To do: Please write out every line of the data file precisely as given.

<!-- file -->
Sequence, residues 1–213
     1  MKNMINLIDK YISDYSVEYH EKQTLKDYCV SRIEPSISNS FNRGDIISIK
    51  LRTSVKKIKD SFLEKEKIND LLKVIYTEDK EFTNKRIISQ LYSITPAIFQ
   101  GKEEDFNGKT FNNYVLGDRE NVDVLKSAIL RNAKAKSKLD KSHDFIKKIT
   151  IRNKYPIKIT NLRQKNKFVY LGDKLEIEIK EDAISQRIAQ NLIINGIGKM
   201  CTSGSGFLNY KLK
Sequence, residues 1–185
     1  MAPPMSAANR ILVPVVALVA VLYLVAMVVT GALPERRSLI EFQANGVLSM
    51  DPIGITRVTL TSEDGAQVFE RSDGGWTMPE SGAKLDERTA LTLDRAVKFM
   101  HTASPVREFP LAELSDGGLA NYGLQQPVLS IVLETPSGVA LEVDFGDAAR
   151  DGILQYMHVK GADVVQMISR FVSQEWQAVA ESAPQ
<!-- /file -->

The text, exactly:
Sequence, residues 1–213
     1  MKNMINLIDK YISDYSVEYH EKQTLKDYCV SRIEPSISNS FNRGDIISIK
    51  LRTSVKKIKD SFLEKEKIND LLKVIYTEDK EFTNKRIISQ LYSITPAIFQ
   101  GKEEDFNGKT FNNYVLGDRE NVDVLKSAIL RNAKAKSKLD KSHDFIKKIT
   151  IRNKYPIKIT NLRQKNKFVY LGDKLEIEIK EDAISQRIAQ NLIINGIGKM
   201  CTSGSGFLNY KLK
Sequence, residues 1–185
     1  MAPPMSAANR ILVPVVALVA VLYLVAMVVT GALPERRSLI EFQANGVLSM
    51  DPIGITRVTL TSEDGAQVFE RSDGGWTMPE SGAKLDERTA LTLDRAVKFM
   101  HTASPVREFP LAELSDGGLA NYGLQQPVLS IVLETPSGVA LEVDFGDAAR
   151  DGILQYMHVK GADVVQMISR FVSQEWQAVA ESAPQ